Tacrolimus is effective for lupus nephritis patients with persistent proteinuria.
ABSTRACT To evaluate the safety and potential efficacy of tacrolimus for the treatment of patients with lupus nephritis and persistent proteinuria.
A total of 23 Japanese patients with lupus nephritis (21 females/2 males) were enrolled in this study. Patients were administered tacrolimus at a dose of 2-3 mg once daily after the evening meal for 6 months. The dose of tacrolimus was unchanged throughout the study period. Concomitant prednisolone therapy was unchanged or gradually tapered, while other immunosuppressants were stopped at the start of tacrolimus treatment.
Tacrolimus was well tolerated, and none of the patients developed adverse drug reactions that required discontinuation of the study. Daily urinary protein loss, the U-prot/U-creat ratio, and serum albumin were significantly improved after 4 months, 3 months, and 1 month of treatment with tacrolimus (p<0.05), respectively, and the improvement persisted until 6 months. The serum complement hemolytic activity (CH50), complement C3 level, and CRP level were also significantly improved after treatment with tacrolimus (p<0.05). Improvement of the U-prot/U-creat ratio was most prominent for patients who were in WHO class IV.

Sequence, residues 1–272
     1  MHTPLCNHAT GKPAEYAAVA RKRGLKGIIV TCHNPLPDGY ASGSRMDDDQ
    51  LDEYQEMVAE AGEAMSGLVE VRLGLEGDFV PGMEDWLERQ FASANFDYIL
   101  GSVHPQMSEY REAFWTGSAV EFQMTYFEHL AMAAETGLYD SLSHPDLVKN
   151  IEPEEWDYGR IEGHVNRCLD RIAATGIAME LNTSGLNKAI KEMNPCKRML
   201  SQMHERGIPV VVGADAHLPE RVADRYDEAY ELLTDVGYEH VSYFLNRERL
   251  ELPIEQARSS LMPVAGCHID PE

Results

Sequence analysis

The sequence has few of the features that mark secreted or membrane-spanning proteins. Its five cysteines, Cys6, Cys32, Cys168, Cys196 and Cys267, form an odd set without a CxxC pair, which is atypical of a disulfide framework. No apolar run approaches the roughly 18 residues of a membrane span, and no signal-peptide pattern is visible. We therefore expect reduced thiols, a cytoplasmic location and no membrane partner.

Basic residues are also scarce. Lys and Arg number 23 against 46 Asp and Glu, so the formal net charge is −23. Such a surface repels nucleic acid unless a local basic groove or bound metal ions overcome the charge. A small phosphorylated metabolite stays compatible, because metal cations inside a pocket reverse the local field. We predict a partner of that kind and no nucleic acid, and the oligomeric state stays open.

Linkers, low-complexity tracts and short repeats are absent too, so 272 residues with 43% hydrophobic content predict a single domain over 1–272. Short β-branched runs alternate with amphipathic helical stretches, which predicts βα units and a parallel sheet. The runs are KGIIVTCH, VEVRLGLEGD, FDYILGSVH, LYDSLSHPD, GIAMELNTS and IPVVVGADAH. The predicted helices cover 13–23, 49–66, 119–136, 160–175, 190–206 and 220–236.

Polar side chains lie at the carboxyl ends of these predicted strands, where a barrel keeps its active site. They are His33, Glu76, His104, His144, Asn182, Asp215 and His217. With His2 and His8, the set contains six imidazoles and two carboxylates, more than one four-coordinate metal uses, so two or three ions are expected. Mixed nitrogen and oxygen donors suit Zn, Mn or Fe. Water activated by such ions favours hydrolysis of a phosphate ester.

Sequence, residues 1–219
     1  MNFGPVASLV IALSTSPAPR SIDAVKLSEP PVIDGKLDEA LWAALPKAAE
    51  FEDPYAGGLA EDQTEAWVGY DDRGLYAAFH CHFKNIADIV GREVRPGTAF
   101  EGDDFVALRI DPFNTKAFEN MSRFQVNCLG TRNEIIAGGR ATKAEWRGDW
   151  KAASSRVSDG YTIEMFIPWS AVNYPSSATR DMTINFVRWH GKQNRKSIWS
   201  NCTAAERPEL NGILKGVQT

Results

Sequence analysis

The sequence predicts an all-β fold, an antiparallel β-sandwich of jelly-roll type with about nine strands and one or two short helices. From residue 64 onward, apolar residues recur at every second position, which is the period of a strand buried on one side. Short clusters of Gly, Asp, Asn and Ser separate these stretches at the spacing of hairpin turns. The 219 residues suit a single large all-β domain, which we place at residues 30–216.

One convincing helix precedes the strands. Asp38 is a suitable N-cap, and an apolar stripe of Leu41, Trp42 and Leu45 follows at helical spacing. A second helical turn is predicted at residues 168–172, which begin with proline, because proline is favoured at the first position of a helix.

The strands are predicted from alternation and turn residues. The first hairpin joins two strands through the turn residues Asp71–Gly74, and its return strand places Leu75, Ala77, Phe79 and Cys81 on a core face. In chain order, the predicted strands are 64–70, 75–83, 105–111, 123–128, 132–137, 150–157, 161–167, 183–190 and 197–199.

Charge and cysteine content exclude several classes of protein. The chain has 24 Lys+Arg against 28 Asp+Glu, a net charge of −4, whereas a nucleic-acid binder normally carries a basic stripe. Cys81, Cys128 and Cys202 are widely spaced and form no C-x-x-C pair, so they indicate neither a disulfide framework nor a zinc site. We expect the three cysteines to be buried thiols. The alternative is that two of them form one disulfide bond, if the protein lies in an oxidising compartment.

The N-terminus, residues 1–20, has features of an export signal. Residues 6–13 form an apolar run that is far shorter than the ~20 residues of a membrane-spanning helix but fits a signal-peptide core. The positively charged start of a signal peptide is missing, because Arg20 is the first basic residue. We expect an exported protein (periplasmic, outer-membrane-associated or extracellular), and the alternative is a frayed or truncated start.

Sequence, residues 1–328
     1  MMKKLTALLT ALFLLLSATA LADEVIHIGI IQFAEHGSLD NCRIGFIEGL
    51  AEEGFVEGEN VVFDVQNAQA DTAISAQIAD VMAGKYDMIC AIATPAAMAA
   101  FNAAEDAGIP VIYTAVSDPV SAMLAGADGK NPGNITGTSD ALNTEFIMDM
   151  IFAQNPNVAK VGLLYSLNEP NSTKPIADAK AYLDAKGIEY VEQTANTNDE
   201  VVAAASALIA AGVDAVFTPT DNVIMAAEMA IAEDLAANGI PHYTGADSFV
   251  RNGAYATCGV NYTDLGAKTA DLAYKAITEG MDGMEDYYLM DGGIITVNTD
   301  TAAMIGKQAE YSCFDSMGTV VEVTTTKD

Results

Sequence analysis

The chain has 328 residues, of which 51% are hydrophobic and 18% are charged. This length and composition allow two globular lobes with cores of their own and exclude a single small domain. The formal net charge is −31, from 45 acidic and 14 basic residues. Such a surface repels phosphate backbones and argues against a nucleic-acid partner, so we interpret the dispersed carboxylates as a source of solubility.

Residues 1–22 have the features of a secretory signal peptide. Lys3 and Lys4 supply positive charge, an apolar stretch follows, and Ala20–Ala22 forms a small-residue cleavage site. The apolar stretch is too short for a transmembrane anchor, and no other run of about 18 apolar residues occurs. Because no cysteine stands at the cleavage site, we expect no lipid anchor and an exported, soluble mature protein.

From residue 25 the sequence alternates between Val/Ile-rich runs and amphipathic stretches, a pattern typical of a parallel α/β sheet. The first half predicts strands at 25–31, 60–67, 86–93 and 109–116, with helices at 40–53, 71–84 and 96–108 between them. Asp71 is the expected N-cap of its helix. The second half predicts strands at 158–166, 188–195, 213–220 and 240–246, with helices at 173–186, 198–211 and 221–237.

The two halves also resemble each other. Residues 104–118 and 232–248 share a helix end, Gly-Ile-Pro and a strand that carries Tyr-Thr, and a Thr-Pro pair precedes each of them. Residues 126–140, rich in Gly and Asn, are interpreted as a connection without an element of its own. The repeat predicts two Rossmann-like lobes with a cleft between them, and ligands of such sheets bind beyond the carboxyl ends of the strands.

Tacrolimus is safe and effective as maintenance therapy for patients with lupus nephritis, at least for 6 months. A larger randomised, controlled trial over a longer period is needed to confirm these results.
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ABSTRACT: The treatment of lupus nephritis has changed significantly over the past decade in large part because of data from well-conducted randomized clinical trials. The concept of two phases of therapy-induction and maintenance-is widely accepted. The histopathologic classification of lupus nephritis continues to guide therapy, and treatment for all major classes of lupus nephritis has seen some shift in management during this time. New regimens using lower doses and shorter treatment durations of intravenous cyclophosphamide have been advanced to reduce toxicity without sacrificing efficacy of therapy. Mycophenolate mofetil has emerged as a viable alternative to cyclophosphamide for induction therapy of both proliferative and membranous lupus nephritis. Combination induction treatment with multiple agents has also been successful. Large controlled trials using mycophenolate mofetil and azathioprine for maintenance therapy have been performed. Here, we review recent additions to the growing body of literature on how to most effectively treat lupus nephritis with the least amount of toxicity. We discuss new treatment strategies currently being explored in clinical trials.Journal of the American Society of Nephrology 11/2010; 21(12):2028-35. · 9.66 Impact Factor